40. 40. Handling oils for alternative <br />New handling required<br />“ESTEROILS/POEs and PAGs absorb moisture from air<br />Humidity cause brake down of oil during operation <br />Oil must be handled carefully <br />Buy in smallest suitable container<br />Do not let open container be exposed to ambient air<br />Practical solution is to keep oil in pressure vessels (refrigerant cylinder) first evacuated then put under pressure with nitrogen that allows quick injection without pumping<br />Compressors with oils should be kept sealed until it is connected and evacuation should start immediately<br />
  41. 41. OIL CHANGE METHOD<br />1. DRAIN OIL, (TAKE OIL SAMPLE)<br />2. REPLACE OIL WITH SAME VOLUME ESTER OIL OF SAME VISCOSITY <br /> (SOMETIMES ONE GRADE HIGHER VISCOSITY)<br />3. ENSURE DRY INSTALLATION (EVACUATE/REPLACE DRIER ?)<br />4. CHANGE OIL<br />5. RUN INSTALLATION APPROX. 100 HOUR (POSSIBLY LESS FIRST CHANGE) <br />6. CHANGE OIL, (DRIER) UNTIL < 1-5 % MINERAL OIL, (TAKE OIL SAMPLE) <br />7. CHANGE DRIER, REFRIGERANT AND OTHER COMPONENTS<br />8. TAKE OIL SAMPLE AFTER APPROX.. 100 HOUR,<br />
  42. 42. NUMBER OF OIL CHANGES<br />THE NUMBER OF OIL CHANGES DEPENDS ON HOW MUCH OF<br />TOTAL OIL IN SYSTEM THAT CAN BE DRAINED<br />EXPERIENCE SHOW THAT THIS DEPENDS ON:<br />1. OIL PLUG POSITION<br />2. NUMBER OF EVAPORATORS, HEAT EXCHANGER DESIGN<br />3. LENGTH OF PIPING<br />4. OIL SEPARATOR AND OTHER COMPONENTS<br />OIL CHANGES TO REACH < 1 % VARIES AS FOLLOWS <br />FUNCTION OF HOW MUCH OF OIL CHARGE THAT CAN BE REMOVED<br />REMOVED REQUIRED NO. TYPICAL INSTALLATION<br /> % OF OIL CHANGES<br />50 % 7 SUPERMARKETS WITH OIL SEPARATOR <br />60 % 5 LARGE CHILLERS, HEAT PUMPS<br />70 % 4 SMALL CHILLERS, CONDENSING UNITS<br />80 % 3 <br />90 % 2 FLUSHING LARGE SYSTEMS<br />99 % 1 FLUSHING SMALL SYSTEMS<br />
  43. 43. FORCED FLUSHING<br /><ul><li> CLEANS AWAY MINERAL OIL WITH THE "OLD" REFRIGERANT
  44. 44. NO COMPONENTS ARE REMOVED
  45. 45. IN SMALLER SYSTEMS 1 % CAN BE REACHED IN 1-4 HOURS
  46. 46. IN LARGER SYSTEMS TWO FLUSHES MAY BE REQUIRED </li></ul> OR ONE FLUSH AND ONE OIL CHANGE<br /><ul><li> METHOD USED WIDELY BY CONTRACTORS/SERVICE COMPANIES </li></ul> CARS, MILK TANKS AND COMMERCIAL SYSTEMS<br />Advantage to clean systems before introduction of esteroil/HFC and avoid need to operate with CFC/HCFC and ester oil that involves increased risk due to effect on viscosity and stability<br />
  47. 47. FORCED FLUSHING<br /><ul><li>RETROFIT CAN NORMALLY BE PERFORMED IN ONE VISIT
  48. 48. LESS MAN-HOURS
  49. 49. LESS CHLORINE CONTAINING OIL TO DISPOSE OF
  50. 50. LESS LEAKAGE DUE TO FEWER OPERATION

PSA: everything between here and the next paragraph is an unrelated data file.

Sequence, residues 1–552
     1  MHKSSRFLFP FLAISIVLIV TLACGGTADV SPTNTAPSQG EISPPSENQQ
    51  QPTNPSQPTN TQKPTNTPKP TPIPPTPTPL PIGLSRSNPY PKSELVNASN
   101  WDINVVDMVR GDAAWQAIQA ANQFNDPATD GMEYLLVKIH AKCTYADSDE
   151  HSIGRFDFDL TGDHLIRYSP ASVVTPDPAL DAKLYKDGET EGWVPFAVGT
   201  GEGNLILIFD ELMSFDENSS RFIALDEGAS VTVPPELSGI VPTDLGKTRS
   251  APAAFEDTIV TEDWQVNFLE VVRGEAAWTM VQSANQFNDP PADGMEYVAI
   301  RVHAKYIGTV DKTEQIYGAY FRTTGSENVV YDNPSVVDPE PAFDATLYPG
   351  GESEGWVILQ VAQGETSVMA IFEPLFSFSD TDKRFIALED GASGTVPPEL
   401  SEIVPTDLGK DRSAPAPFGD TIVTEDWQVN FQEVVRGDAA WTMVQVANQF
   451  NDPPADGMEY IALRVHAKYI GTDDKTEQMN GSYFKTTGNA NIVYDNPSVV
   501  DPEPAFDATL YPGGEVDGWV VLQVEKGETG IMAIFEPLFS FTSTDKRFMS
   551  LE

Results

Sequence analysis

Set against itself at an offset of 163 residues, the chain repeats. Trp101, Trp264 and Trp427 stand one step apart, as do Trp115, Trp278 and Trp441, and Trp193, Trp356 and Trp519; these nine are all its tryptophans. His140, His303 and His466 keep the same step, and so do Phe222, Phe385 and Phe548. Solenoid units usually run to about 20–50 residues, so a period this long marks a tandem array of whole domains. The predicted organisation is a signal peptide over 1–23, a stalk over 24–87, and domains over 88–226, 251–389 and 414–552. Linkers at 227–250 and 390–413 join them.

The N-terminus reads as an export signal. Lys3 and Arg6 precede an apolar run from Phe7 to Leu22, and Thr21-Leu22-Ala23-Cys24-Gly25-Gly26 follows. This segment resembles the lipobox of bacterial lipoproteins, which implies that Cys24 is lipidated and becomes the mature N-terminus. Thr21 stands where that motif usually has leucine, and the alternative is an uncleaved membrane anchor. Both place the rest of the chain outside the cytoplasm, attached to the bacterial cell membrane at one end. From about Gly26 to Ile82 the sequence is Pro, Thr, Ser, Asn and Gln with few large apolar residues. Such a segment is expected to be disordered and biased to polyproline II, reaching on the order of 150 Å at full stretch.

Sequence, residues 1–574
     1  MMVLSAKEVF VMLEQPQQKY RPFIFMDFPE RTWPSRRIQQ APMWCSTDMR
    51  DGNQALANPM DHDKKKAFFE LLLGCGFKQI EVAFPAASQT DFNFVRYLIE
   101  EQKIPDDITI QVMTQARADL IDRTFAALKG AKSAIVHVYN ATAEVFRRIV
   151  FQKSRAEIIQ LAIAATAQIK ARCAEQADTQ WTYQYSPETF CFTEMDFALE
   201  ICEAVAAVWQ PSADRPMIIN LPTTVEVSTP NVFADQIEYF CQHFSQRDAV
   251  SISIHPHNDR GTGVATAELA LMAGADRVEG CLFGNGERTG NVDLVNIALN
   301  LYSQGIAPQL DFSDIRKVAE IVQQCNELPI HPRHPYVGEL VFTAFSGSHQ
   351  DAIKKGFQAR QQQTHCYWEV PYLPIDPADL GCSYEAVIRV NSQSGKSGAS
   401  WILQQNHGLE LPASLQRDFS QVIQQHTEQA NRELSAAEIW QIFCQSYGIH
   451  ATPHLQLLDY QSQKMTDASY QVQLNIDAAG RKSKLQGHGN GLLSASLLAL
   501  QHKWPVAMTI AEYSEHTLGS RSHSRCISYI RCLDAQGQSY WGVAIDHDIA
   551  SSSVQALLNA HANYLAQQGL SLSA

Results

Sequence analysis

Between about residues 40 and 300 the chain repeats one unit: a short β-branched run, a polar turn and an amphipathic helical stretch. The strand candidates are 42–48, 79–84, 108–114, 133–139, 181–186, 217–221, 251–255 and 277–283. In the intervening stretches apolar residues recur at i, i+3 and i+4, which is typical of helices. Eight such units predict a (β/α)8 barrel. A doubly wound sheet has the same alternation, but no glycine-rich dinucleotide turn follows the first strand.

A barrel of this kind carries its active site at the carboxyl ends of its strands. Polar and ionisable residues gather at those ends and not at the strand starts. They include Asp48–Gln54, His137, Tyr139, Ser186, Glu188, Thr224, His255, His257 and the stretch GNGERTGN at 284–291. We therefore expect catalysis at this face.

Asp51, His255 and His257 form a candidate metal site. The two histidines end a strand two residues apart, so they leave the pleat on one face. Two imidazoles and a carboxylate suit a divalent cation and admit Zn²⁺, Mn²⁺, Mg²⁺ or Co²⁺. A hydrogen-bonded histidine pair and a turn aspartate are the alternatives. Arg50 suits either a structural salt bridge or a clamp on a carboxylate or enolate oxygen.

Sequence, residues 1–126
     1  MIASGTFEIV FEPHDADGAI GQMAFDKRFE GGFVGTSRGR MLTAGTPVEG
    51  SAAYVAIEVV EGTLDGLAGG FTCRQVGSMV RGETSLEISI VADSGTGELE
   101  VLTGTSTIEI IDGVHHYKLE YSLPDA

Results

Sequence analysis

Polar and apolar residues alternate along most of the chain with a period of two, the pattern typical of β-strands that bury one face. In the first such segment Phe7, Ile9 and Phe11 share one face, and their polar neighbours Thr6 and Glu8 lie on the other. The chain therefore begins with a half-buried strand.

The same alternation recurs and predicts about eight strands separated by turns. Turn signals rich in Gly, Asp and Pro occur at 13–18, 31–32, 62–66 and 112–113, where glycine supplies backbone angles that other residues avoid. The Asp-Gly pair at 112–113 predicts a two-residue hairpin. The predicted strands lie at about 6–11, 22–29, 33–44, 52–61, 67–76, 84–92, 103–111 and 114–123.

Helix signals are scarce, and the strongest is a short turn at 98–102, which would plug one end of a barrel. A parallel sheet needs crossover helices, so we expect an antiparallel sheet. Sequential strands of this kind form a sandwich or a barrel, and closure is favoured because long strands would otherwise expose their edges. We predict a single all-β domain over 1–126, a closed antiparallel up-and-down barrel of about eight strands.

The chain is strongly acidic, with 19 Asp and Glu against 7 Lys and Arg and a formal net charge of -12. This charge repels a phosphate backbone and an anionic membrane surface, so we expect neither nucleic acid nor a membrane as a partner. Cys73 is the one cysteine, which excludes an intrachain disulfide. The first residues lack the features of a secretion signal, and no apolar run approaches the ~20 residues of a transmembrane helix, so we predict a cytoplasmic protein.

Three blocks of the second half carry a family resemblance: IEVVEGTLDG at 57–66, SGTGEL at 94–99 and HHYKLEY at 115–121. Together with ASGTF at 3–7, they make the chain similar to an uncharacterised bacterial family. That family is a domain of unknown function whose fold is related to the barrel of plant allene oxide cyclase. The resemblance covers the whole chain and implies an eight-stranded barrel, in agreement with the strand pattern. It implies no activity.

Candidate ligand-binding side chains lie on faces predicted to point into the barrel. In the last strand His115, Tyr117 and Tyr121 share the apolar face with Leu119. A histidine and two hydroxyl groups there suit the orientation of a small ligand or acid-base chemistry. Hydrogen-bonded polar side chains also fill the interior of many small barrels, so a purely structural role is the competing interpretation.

51. 51. THE SYSTEM IS CLEANED FROM ACID AND OTHER CONTAMINATES PRIOR TO INTRODUCTION OF HFC AND ESTEROILS
  52. 52. LESS POLYOLESTER OIL IS USED
  53. 53. LONGER SHUT DOWN TIME AT ONE OCCASION</li></ul>- SPECIAL UNIT REQUIRED <br />
  54. 54. Refractometer to compare old and new<br />http://ftp.nucalgon.com/ftp/prodlit/3-59.pdf<br />http://www.omega.com/Green/pdf/RFH_Series.pdf<br />http://www.leica-microsystems.com/pdfs.nsf/(ALLIDs)/2A1E6AB1F7BDEC1785256A870066146A/$FILE/Brix_305090_Brochure.pdf<br />
  55. 55. Standard industrial oil test<br />
  56. 56. REQUIREMENTS FOR SAFE RETROFIT<br />* LESS THAN 100 PPM MOISTURE<br />TIGHTER ON CRITICAL APPLICATIONS<br />* LESS THAN 1-5 % MINERAL OIL<br />Old oil with acid/moisture/contaminants desabilise new system<br />* LESS THAN 200 PPM R-12 IN HFC-134a<br />
  57. 57. DRY SYSTEMS ESSENTIAL<br />* EVACUATE ACCORDING TO GOOD PRACTICE<br />* OLD CODE OF PRACTICE IN SWEDEN IS ACCEPTABLE<br /> ALL COMPONENTS SHOULD BE AT A TEMPERATURE ABOVE 15°C<br /> IN COLD WEATHER: COVER AND HEAT<br /> 1. EVACUATE TO MIN 4 mbar (MEASURED WITH VACUUM PUMP OFF)<br /> 2. CHECK FOR LEAKS- MOISTURE (NO INCREASE OF PRESSURE <br /> FOR FIVE MIN)<br /> 3. FILL TO ATMOSPHERIC PRESSURE WITH NITROGEN)<br /> 4. EVACUATE TO MIN 2 mbar (500 micron/0,7 mbar RECOMMENDED)<br /> 5. CHECK FOR LEAKS- MOISTURE <br />* DO NOT EXPOSE ESTEROIL TO MOISTURE/AIR <br />* USE "LARGE" DRIERS <br />
  58. 58. EXPERIENCE OF RETROFITS TO HFC<br /> HUNDREDS OF THOUSANDS RETROFITTED SYSTEMS <br /><ul><li> PERFORMANCE SIMILAR TO THAT OF CFC/HCFC
  59. 59. NO INCREASE OF PROBLEMS IN SYSTEM RETROFITTED AS RECOMMENDED</li></ul>- SYSTEM OPERATES WITH LESS TROUBLE TODAY DUE TO ”BETTER PRACTICE”<br /><ul><li> STATUS OF OLD SYSTEM IMPORTANT FOR EVALUATION
  60. 60. STATUS OF OLD OIL IMPORTANT FOR EVALUATION
  61. 61. ANALYSES OF OILS IMPORTANT FOR EVALUATION
  62. 62. MINERAL OIL CONTENT AND MOISTURE IMPORTANT FACTORS</li></li></ul><li>IDENTIFIED PROBLEMS<br />ESTER OILS ARE HYGROSCOPIC (ABSORB MOISTURE)<br />SPECIAL HANDLING OF OIL NECESSARY<br />A FEW COMPONENTS MIGHT BE UNSUITABLE<br />EQUIPMENT SHOULD BE CHECKED PRIOR TO RETROFIT<br />HFC WILL CHANGE OIL CHARACTERISTICS IN SYSTEM<br />CARE SHOULD BE TAKEN SPECIALLY IN <br />SCREW AND ROTARY COMPRESSORS NEED SPECIAL ATTENTION<br />
  63. 63. Thanks<br />Questions<br />